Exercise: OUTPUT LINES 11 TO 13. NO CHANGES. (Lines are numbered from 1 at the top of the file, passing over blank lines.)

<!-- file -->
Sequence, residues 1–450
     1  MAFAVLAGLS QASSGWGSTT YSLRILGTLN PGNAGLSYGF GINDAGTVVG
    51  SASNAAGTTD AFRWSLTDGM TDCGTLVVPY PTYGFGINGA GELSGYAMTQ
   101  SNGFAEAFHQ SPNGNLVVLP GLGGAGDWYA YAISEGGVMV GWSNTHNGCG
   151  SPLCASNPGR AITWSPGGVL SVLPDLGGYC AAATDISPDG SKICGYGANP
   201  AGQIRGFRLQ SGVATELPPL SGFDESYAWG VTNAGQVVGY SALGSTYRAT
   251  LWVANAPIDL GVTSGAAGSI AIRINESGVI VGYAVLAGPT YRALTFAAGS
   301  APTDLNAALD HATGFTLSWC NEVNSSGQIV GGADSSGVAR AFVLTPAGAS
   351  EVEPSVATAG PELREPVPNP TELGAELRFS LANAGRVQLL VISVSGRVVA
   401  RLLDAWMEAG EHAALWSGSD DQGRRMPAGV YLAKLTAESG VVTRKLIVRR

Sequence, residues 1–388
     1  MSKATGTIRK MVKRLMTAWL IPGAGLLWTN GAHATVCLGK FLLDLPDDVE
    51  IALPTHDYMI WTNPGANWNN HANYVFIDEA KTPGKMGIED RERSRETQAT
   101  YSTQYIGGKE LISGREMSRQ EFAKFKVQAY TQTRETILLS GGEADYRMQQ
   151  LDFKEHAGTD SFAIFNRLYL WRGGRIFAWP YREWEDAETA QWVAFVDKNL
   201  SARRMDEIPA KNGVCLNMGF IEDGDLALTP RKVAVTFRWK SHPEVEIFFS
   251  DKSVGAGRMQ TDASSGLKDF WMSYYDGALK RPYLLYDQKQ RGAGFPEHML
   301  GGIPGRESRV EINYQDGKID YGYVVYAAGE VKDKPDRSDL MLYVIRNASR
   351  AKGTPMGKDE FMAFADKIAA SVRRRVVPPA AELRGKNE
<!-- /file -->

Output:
Sequence, residues 1–388
     1  MSKATGTIRK MVKRLMTAWL IPGAGLLWTN GAHATVCLGK FLLDLPDDVE
    51  IALPTHDYMI WTNPGANWNN HANYVFIDEA KTPGKMGIED RERSRETQAT